In what was deemed an emergency action, Vermont Governor Phil Scott announced in October a “strike and rewrite” initiative to address the opioid crisis by slimming down licensing rules for counselors. A special task force, formed to take quick action to tackle the high level of addiction to opioids in the state, had concluded that some entry requirements for professionals to counsel substance abusers were part of the problem.
The governor’s initiative targets entry regulations for Alcohol and Drug Abuse Counselors, Apprentice Addiction Counselors, and Licensed Alcohol and Drug Abuse Counselors, collectively classified as the state’s substance use disorder workforce.
Scott cited the need for the state to expand the resources available to treat opiate addiction and abuse beyond current law enforcement staffing and social service providers as a rationale for the deregulatory move. “Those addicted to opiates must be afforded adequate and effective treatment opportunities, the governor said. Among multiple components of the “strike and rewrite” initiative are measures to:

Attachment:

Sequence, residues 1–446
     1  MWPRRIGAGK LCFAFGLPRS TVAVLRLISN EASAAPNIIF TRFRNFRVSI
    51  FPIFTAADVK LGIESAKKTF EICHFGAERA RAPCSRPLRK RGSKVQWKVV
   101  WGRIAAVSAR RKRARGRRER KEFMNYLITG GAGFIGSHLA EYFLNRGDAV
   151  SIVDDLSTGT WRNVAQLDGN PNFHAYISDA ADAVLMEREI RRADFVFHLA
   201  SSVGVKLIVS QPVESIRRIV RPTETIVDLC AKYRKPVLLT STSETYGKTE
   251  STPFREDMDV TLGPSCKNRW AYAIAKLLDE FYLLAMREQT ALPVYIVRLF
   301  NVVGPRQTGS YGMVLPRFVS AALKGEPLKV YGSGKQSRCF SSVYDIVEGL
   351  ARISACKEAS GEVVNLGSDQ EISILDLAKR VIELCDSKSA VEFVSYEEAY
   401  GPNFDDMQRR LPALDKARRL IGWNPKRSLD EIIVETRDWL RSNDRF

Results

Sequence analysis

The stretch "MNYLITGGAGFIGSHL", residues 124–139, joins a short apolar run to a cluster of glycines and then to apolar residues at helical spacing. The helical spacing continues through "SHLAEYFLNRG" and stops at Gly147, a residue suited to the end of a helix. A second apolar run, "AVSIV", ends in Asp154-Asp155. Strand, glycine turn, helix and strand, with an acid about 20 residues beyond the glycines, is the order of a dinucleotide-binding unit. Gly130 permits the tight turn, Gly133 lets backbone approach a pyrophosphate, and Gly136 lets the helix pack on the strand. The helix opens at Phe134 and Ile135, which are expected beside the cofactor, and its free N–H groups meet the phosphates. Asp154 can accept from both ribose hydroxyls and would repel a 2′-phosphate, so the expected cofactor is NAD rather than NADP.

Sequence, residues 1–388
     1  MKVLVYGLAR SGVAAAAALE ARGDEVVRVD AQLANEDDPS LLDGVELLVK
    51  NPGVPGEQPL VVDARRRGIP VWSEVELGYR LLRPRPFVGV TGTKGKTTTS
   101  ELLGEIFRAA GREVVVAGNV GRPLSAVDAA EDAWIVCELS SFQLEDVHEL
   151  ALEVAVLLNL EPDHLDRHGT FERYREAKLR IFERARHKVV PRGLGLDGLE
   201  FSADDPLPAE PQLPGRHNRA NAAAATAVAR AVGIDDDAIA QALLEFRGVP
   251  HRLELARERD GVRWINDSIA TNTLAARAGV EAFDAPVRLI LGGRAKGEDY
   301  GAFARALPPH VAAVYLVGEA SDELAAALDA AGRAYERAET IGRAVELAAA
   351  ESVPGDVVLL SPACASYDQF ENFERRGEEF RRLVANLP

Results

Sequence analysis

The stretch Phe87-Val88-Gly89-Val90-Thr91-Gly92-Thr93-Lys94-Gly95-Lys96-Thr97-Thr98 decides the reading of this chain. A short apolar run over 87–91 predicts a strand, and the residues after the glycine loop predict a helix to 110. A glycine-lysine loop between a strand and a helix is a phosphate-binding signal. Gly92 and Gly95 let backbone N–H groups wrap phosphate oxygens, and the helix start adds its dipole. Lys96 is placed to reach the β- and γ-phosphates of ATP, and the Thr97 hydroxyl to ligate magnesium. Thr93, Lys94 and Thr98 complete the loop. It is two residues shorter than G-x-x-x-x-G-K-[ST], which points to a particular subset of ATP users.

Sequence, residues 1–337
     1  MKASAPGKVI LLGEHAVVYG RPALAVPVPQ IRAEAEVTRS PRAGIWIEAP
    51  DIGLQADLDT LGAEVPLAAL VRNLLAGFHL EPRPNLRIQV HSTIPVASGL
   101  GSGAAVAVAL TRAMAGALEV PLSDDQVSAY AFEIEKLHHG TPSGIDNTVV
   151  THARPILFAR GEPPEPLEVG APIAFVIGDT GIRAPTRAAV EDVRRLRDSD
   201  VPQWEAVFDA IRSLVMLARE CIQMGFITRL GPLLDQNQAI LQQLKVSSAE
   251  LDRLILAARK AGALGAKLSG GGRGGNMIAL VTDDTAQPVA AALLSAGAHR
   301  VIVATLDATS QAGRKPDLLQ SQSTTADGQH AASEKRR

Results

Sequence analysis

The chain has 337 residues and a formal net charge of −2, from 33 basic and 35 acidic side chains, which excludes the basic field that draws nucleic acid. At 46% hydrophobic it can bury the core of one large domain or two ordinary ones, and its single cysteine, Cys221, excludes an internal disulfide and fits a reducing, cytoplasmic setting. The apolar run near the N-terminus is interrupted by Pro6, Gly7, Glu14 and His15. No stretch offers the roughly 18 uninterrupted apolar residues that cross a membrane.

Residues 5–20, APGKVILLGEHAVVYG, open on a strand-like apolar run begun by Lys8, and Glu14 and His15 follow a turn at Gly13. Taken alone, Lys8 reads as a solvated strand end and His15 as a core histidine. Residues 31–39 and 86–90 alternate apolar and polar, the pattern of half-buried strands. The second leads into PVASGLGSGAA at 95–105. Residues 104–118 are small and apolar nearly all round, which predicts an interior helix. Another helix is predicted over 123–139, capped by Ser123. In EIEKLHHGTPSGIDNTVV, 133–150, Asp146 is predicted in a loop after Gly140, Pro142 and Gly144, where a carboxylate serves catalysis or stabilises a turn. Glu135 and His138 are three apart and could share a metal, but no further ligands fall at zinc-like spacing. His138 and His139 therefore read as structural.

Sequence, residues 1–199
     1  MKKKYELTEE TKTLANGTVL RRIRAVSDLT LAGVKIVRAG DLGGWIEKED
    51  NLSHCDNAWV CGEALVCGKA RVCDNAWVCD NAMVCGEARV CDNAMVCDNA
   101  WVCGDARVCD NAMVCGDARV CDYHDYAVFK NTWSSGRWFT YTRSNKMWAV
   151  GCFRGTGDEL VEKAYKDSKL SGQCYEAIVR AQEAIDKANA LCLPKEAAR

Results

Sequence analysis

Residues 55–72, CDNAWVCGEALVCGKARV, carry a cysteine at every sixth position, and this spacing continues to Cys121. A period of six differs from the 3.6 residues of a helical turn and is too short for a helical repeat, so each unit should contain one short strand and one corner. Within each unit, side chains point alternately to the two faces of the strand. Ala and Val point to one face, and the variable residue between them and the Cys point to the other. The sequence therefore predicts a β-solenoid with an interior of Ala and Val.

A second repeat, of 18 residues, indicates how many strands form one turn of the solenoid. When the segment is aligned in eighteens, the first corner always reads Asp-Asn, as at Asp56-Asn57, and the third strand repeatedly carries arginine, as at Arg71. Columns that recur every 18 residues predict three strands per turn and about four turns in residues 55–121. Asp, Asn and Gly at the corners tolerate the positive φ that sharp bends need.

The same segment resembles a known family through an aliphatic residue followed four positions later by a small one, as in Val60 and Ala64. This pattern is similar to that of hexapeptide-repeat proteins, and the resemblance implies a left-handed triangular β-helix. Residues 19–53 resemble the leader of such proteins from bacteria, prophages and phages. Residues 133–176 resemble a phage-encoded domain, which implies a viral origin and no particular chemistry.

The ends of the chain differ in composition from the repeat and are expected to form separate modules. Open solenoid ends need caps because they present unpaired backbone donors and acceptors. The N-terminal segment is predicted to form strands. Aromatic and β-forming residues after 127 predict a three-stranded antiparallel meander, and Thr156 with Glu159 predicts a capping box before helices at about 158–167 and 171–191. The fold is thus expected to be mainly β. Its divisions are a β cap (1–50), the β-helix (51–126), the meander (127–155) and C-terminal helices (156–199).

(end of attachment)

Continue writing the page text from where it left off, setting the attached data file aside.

- Ease a bottleneck for applicants by allowing not only alcohol and substance abuse counselors but also other qualified providers (social workers, marriage and family therapists, etc.) to serve as supervisors of applicants’ clinical training;
- Allow apprentice addiction counselors to remain apprentices indefinitely rather than be limited to only two examinations;
- Replace a “complex and prescriptive continuing education scheme” with a relevance test;
- Recognize U.S. service members’ relevant military training;
- Reduce the number of substance use disorder (SUD)-specific education hours required for counselors from 300 to 270, in line with national standards;
- Allow other mental health professionals (e.g., psychologists and social workers) with one year of substance abuse counseling experience to test directly into a Licensed Alcohol and Drug Abuse Counselors license; and
- Trim thirty pages of administrative regulations down to ten pages.